Sea bathing became popular during the late eighteenth century, when the Prince Regent began to patronize the little seaside village of Brighton. His patronage continued well into the nineteenth century, and because he visited there during certain times of the year, others in his circle did the same, transforming sleepy villages into fashionable destinations.
Family trips to the seaside, therefore, became extremely popular during the Regency period. Not only were seaside resorts places to see and be seen, but they were considered conducive to good health by those who drank the waters or bathed in them. Many infirm people and invalids of the time swore by the restorative powers of a dip in the chilly waters off Brighton, Margate, Bournemouth, or Weymouth.
Throughout the Regency period, bathing was not confined solely to the summer months. In fact, people were encouraged, in the beginning, to bathe during the winter months or early in the mornings, as this was considered the time when their pores were closed against the cold and illness. Timid swimmers could hire a “dipper,” a sturdy woman who would assist the would-be adventurers into the water—by force if necessary. The benefits of swimming in cold water have been well documented, so the practice may indeed have helped people’s health, in general, if not for specific maladies.
Ladies and gentlemen were able to swim without scandal erupting due to the invention of the bathing machine. A cart or carriage was enclosed to create a wooden structure that resembled a caravan wagon. The back end was outfitted with an umbrella-like structure that was lowered into the water from the cart, creating a tunnel through which a swimmer could walk down steps into the water without being seen. In addition, women and men bathed on different beaches to insure privacy—especially since they could elect not to wear bathing costumes. Several paintings from the period depict women swimming au naturel.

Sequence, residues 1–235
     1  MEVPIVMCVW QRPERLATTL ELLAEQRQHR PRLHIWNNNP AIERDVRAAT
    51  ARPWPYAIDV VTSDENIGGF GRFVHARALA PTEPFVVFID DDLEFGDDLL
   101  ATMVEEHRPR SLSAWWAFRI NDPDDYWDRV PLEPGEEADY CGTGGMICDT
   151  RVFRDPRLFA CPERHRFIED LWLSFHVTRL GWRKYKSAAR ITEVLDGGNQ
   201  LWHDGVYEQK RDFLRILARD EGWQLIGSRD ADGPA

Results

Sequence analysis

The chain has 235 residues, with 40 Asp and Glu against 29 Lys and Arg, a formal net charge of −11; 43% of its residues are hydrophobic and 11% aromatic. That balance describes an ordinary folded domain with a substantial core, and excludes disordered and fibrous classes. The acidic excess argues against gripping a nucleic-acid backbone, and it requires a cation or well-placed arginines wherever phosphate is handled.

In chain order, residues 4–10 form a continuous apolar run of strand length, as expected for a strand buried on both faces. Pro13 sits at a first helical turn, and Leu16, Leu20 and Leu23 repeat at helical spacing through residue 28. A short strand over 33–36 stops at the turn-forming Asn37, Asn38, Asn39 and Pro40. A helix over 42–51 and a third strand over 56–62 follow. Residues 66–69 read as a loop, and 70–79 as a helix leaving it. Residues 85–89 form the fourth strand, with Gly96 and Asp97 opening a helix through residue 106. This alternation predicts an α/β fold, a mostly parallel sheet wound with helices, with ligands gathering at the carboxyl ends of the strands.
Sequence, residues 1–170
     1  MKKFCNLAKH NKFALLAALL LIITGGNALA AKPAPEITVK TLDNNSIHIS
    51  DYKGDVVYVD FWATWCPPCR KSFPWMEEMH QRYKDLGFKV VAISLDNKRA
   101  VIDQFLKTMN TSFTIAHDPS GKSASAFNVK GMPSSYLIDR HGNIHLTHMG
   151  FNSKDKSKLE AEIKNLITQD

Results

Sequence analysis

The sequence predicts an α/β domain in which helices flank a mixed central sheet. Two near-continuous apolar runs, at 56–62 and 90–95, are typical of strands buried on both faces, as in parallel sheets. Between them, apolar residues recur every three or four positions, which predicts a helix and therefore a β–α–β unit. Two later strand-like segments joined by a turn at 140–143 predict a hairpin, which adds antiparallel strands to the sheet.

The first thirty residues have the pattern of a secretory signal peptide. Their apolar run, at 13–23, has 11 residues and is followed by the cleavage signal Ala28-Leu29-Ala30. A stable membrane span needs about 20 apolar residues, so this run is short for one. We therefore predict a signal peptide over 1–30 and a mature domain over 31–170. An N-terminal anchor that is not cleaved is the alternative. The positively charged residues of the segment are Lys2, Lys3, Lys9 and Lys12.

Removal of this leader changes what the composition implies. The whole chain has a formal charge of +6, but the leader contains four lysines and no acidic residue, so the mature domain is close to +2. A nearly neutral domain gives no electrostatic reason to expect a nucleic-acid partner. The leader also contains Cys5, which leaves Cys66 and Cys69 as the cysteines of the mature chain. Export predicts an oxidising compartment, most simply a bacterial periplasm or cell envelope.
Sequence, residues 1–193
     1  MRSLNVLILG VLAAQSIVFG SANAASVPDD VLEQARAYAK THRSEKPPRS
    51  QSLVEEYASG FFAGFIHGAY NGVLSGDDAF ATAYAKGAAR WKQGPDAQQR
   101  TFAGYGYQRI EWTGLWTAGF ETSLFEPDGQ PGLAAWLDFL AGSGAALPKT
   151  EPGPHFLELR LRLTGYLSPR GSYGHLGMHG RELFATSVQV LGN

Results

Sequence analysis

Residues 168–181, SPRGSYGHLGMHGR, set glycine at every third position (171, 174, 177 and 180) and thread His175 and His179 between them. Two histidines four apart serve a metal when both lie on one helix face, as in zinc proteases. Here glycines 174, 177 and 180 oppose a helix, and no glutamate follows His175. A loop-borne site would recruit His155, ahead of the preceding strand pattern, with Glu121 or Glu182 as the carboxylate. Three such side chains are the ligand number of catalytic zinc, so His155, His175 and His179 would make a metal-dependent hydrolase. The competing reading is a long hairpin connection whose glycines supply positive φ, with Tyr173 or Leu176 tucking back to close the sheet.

Frolicking by the sea seems a perfect setting for a heroine and hero to meet and fall in love. Although the truth was, in many cases, more prosaic, seaside resorts could spell romance for couples during the Regency, if they were willing to take the plunge.
About What A Widow Wants
Widowed by the Battle of Waterloo, the ladies of Lyttlefield Park are returning to London society—with their futures in their own hands . . .
The widowed Lady Stephen Tarkington, Fanny to her friends, has finished mourning her cad of a husband and is ready to enjoy her freedom. The kind of freedom neither a gently bred miss nor a close-watched wife is permitted: dressing up as Aphrodite for a masquerade, drawing gentlemen away from the party, and hinting at late-night assignations with her dance partners. All is going pleasurably according to plan—until the Roman god Fanny kisses during a masquerade turns out to be Matthew, Lord Lathbury, whose proposal she refused years ago.
Lathbury is charming, passionate, inventive—everything Fanny wants in a lover—but unfortunately, he’s on the hunt for a wife. He’s more than willing to use all his wicked skills to persuade her back to the altar, but he can’t wait forever. And now Fanny’s position is more precarious than she once thought. If the tongues of the ton set to wagging, it’s possible no offer in the world will save her from ruin. But does she want to be saved?
About the Author
Jenna Jaxon is the author of the House of Pleasure House series, as well as the historical romance trilogy Time Enough to Love. She lives in Virginia with her family and a small menagerie of pets. When not reading or writing, she indulges her passion for the theatre, working with local theatres as a director. Visit her at jennajaxon.wordpress.com, or on the social media platforms below.